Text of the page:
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Sylvia Broeckx: Hug An Atheist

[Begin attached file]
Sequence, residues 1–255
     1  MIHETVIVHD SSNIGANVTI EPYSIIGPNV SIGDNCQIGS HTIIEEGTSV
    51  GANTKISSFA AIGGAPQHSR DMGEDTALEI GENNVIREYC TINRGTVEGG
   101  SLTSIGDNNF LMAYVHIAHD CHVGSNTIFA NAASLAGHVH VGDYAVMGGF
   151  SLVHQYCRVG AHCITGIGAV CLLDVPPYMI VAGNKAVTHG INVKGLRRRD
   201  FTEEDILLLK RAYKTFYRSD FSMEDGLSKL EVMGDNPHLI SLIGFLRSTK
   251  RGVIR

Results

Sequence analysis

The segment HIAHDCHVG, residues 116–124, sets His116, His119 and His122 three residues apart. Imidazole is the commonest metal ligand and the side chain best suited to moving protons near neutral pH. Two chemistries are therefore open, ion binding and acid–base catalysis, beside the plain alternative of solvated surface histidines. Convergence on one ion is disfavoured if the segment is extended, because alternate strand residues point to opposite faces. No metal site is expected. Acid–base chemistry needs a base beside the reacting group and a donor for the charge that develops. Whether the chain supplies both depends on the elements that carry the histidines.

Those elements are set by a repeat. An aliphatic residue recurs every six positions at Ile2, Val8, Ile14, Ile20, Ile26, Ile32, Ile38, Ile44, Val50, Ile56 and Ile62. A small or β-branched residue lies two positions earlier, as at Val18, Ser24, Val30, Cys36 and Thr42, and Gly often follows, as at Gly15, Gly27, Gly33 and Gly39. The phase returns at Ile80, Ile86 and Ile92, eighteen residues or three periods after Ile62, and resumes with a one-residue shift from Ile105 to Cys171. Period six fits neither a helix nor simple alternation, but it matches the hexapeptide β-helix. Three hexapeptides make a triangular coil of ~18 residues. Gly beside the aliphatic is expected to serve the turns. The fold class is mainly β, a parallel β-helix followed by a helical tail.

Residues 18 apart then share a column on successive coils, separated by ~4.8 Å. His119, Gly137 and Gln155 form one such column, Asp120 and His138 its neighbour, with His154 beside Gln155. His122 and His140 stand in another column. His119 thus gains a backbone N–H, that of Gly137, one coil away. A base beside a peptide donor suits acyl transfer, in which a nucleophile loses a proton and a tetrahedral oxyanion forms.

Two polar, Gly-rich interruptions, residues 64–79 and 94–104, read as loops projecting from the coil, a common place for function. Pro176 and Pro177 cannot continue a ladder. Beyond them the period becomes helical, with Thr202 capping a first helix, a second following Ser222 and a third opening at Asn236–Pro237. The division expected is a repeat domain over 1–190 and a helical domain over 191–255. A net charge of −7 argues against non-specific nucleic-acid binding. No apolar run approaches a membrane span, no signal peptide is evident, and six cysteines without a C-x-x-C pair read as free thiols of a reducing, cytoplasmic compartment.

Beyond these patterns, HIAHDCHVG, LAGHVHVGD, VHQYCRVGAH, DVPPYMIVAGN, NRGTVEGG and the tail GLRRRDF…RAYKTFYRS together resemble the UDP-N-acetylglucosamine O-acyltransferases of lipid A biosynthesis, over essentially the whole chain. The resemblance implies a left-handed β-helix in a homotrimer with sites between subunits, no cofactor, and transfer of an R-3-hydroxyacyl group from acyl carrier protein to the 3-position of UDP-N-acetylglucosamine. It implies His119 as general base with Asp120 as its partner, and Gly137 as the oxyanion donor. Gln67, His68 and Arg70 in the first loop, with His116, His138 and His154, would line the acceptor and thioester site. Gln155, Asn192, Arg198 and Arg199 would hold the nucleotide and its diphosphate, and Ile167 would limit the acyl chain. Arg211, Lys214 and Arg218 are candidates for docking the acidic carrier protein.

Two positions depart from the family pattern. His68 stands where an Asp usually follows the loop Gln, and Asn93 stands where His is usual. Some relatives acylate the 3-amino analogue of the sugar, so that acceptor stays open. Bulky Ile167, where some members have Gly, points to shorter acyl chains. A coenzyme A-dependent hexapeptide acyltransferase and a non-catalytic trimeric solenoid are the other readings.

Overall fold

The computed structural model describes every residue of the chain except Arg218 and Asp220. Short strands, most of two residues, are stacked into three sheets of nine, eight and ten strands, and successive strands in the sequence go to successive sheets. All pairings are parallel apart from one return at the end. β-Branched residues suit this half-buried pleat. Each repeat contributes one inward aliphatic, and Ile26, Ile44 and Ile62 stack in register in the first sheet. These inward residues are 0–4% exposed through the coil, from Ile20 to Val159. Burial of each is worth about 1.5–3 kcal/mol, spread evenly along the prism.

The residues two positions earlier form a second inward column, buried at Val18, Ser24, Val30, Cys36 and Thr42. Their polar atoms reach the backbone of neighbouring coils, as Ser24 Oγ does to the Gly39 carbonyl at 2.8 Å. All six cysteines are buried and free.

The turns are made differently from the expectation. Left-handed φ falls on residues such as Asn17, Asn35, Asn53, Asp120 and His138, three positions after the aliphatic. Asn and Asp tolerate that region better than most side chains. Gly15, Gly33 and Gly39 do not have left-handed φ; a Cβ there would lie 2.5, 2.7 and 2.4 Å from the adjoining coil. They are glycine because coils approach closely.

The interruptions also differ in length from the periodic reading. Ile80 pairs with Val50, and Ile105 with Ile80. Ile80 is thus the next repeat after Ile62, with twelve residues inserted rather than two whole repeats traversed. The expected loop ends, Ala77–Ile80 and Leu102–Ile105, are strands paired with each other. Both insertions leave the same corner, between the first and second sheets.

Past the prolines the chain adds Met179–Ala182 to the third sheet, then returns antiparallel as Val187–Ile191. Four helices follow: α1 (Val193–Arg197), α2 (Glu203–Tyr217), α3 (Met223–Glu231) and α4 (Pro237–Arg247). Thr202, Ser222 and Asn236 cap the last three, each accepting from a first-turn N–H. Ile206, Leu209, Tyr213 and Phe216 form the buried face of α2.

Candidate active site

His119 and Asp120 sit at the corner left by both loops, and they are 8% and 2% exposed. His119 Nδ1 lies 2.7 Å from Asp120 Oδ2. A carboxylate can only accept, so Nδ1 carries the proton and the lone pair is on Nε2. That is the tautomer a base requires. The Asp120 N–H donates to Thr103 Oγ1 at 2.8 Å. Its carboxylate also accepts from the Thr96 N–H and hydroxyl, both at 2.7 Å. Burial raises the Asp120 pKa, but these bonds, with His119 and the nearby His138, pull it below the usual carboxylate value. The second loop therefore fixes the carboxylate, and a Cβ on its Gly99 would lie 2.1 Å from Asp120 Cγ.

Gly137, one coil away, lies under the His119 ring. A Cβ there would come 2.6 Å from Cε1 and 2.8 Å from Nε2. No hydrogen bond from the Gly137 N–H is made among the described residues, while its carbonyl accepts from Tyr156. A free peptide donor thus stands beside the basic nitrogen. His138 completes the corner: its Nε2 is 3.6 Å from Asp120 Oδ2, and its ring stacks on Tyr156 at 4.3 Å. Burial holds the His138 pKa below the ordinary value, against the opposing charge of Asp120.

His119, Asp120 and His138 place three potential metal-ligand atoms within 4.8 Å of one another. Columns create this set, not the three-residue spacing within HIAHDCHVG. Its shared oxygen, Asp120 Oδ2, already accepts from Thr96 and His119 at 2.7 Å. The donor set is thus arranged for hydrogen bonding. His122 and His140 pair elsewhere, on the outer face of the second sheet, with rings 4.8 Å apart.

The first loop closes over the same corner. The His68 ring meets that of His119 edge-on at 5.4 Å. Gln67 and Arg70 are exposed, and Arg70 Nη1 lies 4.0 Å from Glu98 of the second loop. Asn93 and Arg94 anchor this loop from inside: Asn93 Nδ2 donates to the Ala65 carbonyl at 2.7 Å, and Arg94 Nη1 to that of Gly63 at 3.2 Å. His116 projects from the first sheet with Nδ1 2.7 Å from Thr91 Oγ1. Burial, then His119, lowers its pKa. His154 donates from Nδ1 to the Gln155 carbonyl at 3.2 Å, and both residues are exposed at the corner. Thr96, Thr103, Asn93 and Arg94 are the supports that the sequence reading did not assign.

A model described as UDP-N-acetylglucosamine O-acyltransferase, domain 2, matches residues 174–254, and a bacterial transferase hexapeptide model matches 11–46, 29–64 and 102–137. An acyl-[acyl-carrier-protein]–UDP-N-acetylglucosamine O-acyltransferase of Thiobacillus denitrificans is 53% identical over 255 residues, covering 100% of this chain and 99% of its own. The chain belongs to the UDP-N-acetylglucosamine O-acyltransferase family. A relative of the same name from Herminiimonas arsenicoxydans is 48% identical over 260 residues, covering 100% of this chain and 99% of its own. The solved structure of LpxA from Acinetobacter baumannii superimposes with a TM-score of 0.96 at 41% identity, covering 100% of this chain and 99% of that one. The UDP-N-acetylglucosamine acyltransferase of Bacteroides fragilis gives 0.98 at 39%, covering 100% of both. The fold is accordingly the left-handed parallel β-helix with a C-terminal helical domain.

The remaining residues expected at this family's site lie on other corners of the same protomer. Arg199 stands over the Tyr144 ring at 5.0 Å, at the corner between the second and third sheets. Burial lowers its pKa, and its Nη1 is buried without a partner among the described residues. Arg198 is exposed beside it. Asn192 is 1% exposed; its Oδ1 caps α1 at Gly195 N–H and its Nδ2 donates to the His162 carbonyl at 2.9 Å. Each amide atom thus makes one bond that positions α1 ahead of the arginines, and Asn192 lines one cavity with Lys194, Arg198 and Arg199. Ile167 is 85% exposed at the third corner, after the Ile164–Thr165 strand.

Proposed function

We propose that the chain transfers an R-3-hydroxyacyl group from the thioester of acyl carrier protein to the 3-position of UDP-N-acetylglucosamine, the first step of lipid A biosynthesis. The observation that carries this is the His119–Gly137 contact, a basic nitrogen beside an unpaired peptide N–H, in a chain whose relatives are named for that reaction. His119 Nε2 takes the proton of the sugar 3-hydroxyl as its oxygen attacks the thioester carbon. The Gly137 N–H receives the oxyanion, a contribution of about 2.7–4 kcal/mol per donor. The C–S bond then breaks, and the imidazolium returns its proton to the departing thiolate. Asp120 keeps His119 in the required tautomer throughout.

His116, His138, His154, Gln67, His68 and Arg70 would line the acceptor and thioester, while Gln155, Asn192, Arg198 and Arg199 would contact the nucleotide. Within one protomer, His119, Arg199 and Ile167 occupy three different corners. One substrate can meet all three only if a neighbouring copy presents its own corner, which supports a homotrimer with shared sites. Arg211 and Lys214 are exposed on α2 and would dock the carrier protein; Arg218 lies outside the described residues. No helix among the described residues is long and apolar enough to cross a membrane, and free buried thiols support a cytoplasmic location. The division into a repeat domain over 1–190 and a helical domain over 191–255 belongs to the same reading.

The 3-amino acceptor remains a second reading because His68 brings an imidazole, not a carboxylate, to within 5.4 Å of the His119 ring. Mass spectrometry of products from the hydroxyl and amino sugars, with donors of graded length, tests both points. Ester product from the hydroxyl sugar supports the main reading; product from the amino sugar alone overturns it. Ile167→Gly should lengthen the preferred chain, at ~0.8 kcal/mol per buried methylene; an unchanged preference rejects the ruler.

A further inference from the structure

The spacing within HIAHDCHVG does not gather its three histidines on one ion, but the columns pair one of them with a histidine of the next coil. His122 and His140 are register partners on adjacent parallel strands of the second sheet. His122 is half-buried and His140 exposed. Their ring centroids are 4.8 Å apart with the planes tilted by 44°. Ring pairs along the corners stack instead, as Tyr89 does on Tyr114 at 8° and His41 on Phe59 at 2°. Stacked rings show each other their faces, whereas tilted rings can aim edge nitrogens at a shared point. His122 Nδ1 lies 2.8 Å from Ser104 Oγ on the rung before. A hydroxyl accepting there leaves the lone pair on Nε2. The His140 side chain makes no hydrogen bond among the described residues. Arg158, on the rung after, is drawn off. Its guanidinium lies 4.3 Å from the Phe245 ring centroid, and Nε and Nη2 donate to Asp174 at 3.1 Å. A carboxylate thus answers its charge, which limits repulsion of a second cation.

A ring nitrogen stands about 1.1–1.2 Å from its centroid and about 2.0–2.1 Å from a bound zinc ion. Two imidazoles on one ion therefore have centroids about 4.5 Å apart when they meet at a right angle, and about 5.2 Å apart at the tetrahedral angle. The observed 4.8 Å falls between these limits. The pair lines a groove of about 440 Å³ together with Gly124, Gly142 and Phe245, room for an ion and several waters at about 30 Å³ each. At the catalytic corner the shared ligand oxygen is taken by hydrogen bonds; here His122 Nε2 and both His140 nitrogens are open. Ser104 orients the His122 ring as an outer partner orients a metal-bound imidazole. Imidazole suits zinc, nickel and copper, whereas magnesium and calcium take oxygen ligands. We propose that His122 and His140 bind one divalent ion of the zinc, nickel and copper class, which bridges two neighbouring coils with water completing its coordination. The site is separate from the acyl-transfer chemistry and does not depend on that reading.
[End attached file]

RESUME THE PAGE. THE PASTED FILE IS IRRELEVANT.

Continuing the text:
Sheffield-based filmmaker Sylvia Broeckx is on a mission - to persuade the people of America that her fellow atheists aren't terrifying, amoral Satanists, and are just as huggable as everyone else. Sylvia admits that both the UK and her native Belgium are pretty easy places to be a non-believer. "You say you're an Atheist [in the UK] and people say, 'Yeah, so?'" she admits. It was stories coming from the US that persuaded her to begin her debut documentary, Hug an Atheist. "I have a bunch of friends in America who are atheists and they quite often post about atheism on Facebook," she says. "The more they posted, the more I learned about atheism in America being quite different to how it is over here." These stories included that of Jessica Ahlquist, a Rhode Island teen who was ostracised and threatened with violence after successfully campaigning that the presence of a prayer banner at her High School was unconstitutional in a public school. "She gets death threats," says Sylvia, "They said she should get raped. She needs police escorts to school, the community goes against her, even her congressman turns against her. And you think that's Bible Belt. No it isn't, it's Rhode Island!" This and a number of other stories made Sylvia realise the fear, misunderstanding and hostility atheists face in America. She decided to do something about it and found a way to make it happen. "Sometimes you think 'I'd like to do something,'" she says, "and being a filmmaker, my husband said, 'You know what, do this'. And he had just heard about crowdfunding from another filmmaker who had been successful in doing that." Through social networking and the support of like-minded bloggers, the project was crowdfunded by contributions from around the world, with the funds for the film raised in 53 days. A month later Sylvia was in the States to begin filming. Although she's been told she's destined for hell on a couple of occasions, she's found a mostly positive response. "Within the atheist community it's been mainly a very positive reaction, because the thing I'm trying to do is not to set one up against the other. It's about portraying atheists as regular people. Stating the very obvious like: 'We cry when somebody dies'". So far Sylvia has filmed a Humanist wedding and atheist groups raising money for cancer charities. While it may seem strange to British eyes to have to portray non-believers as ordinary, caring people, there seems to be a need in the US, with one of the pervasive attitudes being that atheists are incapable of having morals. "'How can you have morals if you don't believe in God?' I don't like that one," she says. "It says a lot about the person who asks it too. Do you really need God to be good? If there wasn't a God would you go and kill somebody?" Sylvia points out that America was founded on secularist principles, and that in the 19th century atheist thinkers like Mark Twain and Robert G Ingersoll were feted by society. Things changed rapidly in the mid-20th century with the rise of Communism, which made Americans associate atheism with evil. "At that time America changed its motto from 'Out Of Many One' to 'In God We Trust"'. That's when they put it on their money too. Then in the 70s there was Roe vs Wade, the Supreme Court ruling on abortion. That's when they decided to identify themselves as a Christian nation. Before that a President would always call themselves a Catholic, like Kennedy, or an Episcopalian, or a Baptist, or whatever. It wasn't until then that the word 'Christian' became so popular." Sylvia is back to the USA in a few weeks to finish filming, travelling to an atheist film festival in San Francisco, before heading to Austin, Texas, which won't be as scary as it may sound. "Austin's like a sanctuary for liberal and normal people, and the hippies. It's this little area of Texas that's different, and there's the American Atheists Convention, with about 2,000 atheists coming there, so it will be good to see them all get together." Then it's to the edit suite, finishing the film in time to show in San Francisco in September, and to distribute to some of the Atheist and Humanist groups she's met along the way. "A lot of people have been in touch because they wanted to show it, for example, to their mum, to say 'Mum! I'm not a Satanist!'" One of the criticisms leveled at atheist literature is that it's preaching to the converted - that only other atheists read it as a kind of mutual backslapping. Is she worried this will happen with her film? "I don't think it's going to the Westboro Baptist Church", she laughs, "and if it does I know what's going to happen at my funeral!" "But it's about creating awareness. This is not about making you an atheist. This is just about creating understanding. So if it gets to people who can show their families and communities then that's where I'm happy. This won't be a project that wins major awards or anything like that, but that was never the intention. It's about creating something that will help some atheists in small town Alabama." )

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